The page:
Economist speaks at agricultural discussion

The state economist spoke about how a lull in the state economy is hurting industries across Minnesota.

Kelly Gulbrandson

Students looking for a good job after graduation could be faced with a weak economy and a competitive job market – unless they head out to the country, perhaps.

Applied economics professor and State Economist Tom Stinson spoke Wednesday at the Twin Cities agricultural issues roundtable in Minneapolis about how a lull in the state economy is hurting industries across Minnesota and the country. He said the current state of the economy will have long-term effects.

While housing and the wood product industries have dragged down the state’s economy, Stinson said it’s not all bad news. Stinson said while the U.S. dollar is weak, exports will continue to increase, which will create more jobs for people in the exports industry – offsetting some of the negative news.

Stinson said more good news has come from the farming, fishing and forestry industries, where jobs are expected to increase in the state by 1.6 percent, from 3,488 to 3,545 from 2007 to 2008, according to the Minnesota Department of Employment and Economic Development.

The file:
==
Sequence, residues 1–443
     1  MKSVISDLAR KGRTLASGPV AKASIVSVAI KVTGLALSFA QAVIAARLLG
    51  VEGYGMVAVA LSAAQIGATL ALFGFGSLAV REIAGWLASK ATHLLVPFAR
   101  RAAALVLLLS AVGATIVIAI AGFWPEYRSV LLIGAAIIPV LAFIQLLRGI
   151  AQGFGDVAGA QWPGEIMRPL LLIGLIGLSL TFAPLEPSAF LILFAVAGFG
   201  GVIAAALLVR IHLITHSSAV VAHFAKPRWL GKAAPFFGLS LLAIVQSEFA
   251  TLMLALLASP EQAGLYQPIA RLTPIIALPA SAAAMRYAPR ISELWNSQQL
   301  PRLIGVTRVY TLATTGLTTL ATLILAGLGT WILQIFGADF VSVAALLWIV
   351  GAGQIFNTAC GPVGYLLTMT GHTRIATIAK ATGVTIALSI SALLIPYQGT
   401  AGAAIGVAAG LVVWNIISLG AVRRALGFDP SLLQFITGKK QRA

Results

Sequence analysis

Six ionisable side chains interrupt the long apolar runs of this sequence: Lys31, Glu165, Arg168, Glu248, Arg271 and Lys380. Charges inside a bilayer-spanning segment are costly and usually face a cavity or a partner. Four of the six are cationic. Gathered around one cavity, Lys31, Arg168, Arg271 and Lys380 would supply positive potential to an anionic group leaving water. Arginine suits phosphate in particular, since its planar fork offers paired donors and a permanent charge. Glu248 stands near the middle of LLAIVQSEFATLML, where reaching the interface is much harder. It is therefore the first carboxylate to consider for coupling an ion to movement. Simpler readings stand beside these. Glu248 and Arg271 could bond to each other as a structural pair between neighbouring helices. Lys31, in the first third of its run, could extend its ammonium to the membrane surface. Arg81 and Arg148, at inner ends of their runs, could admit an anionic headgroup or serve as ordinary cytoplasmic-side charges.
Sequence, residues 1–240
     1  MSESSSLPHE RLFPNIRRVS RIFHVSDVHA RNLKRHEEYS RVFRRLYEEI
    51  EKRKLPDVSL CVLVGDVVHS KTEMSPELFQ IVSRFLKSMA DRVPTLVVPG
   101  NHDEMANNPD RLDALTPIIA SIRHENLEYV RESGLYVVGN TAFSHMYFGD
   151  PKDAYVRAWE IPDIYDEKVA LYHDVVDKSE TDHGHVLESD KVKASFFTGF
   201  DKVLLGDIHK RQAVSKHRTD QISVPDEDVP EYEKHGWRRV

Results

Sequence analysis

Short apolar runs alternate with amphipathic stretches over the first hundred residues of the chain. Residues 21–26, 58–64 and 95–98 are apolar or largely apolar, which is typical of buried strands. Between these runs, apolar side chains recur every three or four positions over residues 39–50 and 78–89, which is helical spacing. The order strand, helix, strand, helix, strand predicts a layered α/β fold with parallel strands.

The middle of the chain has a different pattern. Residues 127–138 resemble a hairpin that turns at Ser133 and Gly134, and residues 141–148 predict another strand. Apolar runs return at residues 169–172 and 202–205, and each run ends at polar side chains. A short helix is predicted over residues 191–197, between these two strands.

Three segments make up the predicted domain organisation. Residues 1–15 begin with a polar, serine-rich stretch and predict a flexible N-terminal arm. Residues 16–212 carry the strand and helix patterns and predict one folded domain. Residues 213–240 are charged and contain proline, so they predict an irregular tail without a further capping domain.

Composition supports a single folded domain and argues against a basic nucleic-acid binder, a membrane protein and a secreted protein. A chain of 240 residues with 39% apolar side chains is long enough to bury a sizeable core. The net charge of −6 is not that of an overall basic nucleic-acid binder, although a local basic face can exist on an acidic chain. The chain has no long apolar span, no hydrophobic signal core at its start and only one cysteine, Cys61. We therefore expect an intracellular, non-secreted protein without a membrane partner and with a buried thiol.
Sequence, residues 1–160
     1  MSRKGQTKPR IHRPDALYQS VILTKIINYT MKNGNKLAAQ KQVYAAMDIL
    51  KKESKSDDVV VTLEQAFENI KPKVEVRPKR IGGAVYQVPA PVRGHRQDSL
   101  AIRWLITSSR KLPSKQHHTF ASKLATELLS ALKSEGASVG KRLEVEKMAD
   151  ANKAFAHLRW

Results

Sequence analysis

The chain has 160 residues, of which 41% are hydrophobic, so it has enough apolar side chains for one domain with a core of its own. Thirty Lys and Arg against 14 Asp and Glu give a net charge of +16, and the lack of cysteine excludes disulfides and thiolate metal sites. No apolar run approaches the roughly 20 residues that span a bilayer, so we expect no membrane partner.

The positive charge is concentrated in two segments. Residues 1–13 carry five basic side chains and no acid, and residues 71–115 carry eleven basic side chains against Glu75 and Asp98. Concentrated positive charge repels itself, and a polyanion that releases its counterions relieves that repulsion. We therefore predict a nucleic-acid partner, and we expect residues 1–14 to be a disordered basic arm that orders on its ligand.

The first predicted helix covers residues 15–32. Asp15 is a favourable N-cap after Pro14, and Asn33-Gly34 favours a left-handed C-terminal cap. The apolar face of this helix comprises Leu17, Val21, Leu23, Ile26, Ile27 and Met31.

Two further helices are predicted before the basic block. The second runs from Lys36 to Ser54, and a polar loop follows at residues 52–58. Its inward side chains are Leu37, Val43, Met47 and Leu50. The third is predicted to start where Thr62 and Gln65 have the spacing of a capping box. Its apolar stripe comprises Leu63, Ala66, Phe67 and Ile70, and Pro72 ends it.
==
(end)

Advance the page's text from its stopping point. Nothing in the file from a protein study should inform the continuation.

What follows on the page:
H.R. 5140, the economic stimulus package signed by President George W. Bush on Wednesday after Congress passed it last week, could also help the economy, Stinson said.

“I was actually a little skeptical that it would get it done in time to have any impact,” he said, “But they did.”

Stinson said if all recipients spend the rebate, which he said isn’t expected, it would raise the Gross Domestic Product by more than 3 percent by September. It would also increase job growth by 0.4 percent, he said.

Despite the economic stimulus, Stinson said some job areas in the state will struggle in the next 10 years.

According to the Minnesota State Demographic Center, the number of jobs will decrease by more than 29,000 for the 15-to-19 age group and by more than 9,000 for the 20-to-24 age group.

Stinson said the increased competition of college graduates entering the job market could have a negative effect on the state’s economy for years to come.

Agriculture business junior Jamie Seitzer attended the speech because the topic sounded interesting. He said the recent news of the slowing economy and Macy’s decision last week to cut jobs were a few reasons why he came.

“I didn’t know that graduation rates and college students were a factor on the economy,” he said.